Novel accurately portrays High Plains region

Don McAlavy: CNJ columnist

“Desperate” and “Discouraged” she wrote in a Feb. 2, 1951, letter to Thomas H. Uzzell, an author who had written “The Technique of the Novel.”

“Dear Mr. Uzzell … One summer years ago I was a student at New Mexico A&M College. Mr. W. Earl Beem, head of the English department, urged me to write. Finally, about five years ago, without benefit of formal instruction, expert advice, or even more than a scant knowledge of grammar, I started to work. My first novel came straight from the family album; it was never submitted to a publisher. However, encouraged by friends who should have known better, I confidently set about to produce the great American novel. Mr. Beem, who was good enough to establish contacts with several publishers, sent it to Henry Holt & Co. I am enclosing a copy of their letter of rejection for what it is worth. And then (Mr. Beem) obtained for me your book on techniques of writing a novel.

“Even now, three years later, I have not completely recovered from the many shocks I received for it. It upset and changed every idea I had had. I had never thought in terms of “effect” or “viewpoint.” I had done everything wrong; committed every sin. I read it thoroughly not once, but several times. From the state library I obtained and studied many books you listed, including two on the subjects of psychology.

“By the time I had finished with them I was so confused and my self-confidence so shattered that I did not have the nerve to look at my typewriter for months. Then I tried to revise my first novel. Last year I tried to write another one. Certainly the time has come for me to seek expert advice.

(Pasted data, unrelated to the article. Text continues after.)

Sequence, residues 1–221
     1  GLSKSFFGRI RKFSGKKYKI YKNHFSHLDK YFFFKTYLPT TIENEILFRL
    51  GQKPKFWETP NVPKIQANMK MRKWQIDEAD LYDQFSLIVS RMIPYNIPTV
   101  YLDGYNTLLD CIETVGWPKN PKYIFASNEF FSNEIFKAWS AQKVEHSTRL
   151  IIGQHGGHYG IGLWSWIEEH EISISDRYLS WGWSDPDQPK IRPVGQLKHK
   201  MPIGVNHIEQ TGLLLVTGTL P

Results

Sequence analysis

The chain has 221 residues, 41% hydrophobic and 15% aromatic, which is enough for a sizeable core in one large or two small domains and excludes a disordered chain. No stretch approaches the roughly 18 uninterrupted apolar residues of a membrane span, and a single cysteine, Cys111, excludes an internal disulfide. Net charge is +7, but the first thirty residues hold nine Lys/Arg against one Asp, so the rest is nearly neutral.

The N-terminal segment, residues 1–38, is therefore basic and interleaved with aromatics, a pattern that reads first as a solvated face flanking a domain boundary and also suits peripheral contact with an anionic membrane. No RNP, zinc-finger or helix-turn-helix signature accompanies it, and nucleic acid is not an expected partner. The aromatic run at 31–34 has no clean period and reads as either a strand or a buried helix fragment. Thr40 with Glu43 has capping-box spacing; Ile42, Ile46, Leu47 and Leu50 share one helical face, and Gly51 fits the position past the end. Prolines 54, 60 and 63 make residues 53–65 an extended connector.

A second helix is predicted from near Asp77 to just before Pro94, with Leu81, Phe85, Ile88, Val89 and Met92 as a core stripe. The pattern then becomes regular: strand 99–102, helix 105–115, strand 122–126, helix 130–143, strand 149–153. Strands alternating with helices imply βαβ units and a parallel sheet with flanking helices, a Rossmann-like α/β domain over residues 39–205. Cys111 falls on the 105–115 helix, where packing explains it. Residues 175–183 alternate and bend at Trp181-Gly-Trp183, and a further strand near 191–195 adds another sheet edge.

“I should like to send you all my work. In this way you could determine what I had to go on, whether or not I have improved or learned anything, and advise me in regard to my future possibilities. However, out of deference to my bank account, I am afraid that this is out of the question.
“Therefore, what would you charge for an editorial appraisal for each of the following manuscripts: “Red Is My Color;” “Lost Enchantment,” a revision of the first novel; and “Adobe Twilight”?

“After digging all of the manuscripts out of my trunk, I find they are pretty ragged. If I were writing to one of those newspaper columnists who offers advice, I would sign myself “Desperate” or “Discouraged.” Believe me, I do hate to charge all of my work off to sweet experience and stop now. Very Truly Yours, Eula Bruce.” (She never mentioned getting a reply from Mr. Uzzell.)

Eula Bruce happens to be the late Eula Mae Edwards, for whom Eastern New Mexico University’s old Clovis school named a museum (The school is now the Clovis Community College.) Before she died in Tucumcari on Dec. 19, 1983, of cancer she willed the American Indian artifact collection from her museum in San Jon to CCC along with $45,490.16. She gave the money to maintain the artifact collection, which contained many priceless items.

Her cousin, the late Earnest Cooper of Melrose, was the executor of her will and named Sunny Dunning, Leona Head, and Harold Gore to see that the ENMU-Clovis carried out her wishes.

In the many boxes she had packed were the artifacts, her notes, drawings for her archaeological study and personal letters, some in shoe boxes all filed neatly away.

She threw nothing away. In one box were scattered sheets of faded typing paper with what looked like part of a manuscript. When the executor put them all together it was her unpublished novel “Red Is My Color.” (No sign of her other two manuscripts.)

This columnist read it and thought it merited publication, even as a novel. The story portrays the high plains area accurately and depicted characters that were typical of the area of our pioneering period. I asked to publish it myself and the college gave me permission. I printed it in 1988 at City Printing Inc. at my own expense. The 225-page,
soft-back book includes her history and also the inventory of artifacts she donated. A copy is located at the Clovis-Carver Public Library.

Don McAlavy is Curry County’s historian. He can be contacted at: